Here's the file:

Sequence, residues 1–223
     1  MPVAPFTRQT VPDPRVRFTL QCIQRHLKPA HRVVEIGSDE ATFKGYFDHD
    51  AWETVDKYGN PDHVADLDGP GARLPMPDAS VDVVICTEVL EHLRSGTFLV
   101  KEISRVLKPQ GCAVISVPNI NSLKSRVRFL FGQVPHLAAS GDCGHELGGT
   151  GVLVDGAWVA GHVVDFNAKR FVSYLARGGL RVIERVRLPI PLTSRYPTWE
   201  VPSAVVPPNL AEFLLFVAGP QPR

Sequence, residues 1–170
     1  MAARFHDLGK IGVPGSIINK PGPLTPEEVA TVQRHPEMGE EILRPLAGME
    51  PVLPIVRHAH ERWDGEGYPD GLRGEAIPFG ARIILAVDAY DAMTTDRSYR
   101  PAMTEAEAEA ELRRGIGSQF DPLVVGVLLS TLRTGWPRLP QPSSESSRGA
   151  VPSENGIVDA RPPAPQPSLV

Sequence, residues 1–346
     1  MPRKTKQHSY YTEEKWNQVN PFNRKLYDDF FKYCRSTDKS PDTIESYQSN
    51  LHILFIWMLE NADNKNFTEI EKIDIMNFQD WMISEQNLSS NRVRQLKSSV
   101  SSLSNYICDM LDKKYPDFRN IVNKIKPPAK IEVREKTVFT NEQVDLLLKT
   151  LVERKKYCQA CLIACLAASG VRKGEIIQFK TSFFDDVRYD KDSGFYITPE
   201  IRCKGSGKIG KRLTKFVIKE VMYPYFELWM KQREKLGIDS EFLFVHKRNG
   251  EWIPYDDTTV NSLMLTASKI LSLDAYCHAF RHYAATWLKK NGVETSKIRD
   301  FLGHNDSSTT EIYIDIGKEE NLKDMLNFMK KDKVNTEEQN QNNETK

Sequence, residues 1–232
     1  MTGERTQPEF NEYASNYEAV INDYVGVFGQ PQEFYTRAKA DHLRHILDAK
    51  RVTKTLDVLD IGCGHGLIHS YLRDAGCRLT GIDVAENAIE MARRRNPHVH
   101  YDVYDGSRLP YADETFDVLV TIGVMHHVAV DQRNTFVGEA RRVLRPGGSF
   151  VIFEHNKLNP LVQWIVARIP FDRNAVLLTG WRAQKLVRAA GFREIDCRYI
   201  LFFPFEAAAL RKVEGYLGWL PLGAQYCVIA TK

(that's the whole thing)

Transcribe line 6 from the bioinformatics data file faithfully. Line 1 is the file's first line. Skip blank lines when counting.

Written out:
   201  VPSAVVPPNL AEFLLFVAGP QPR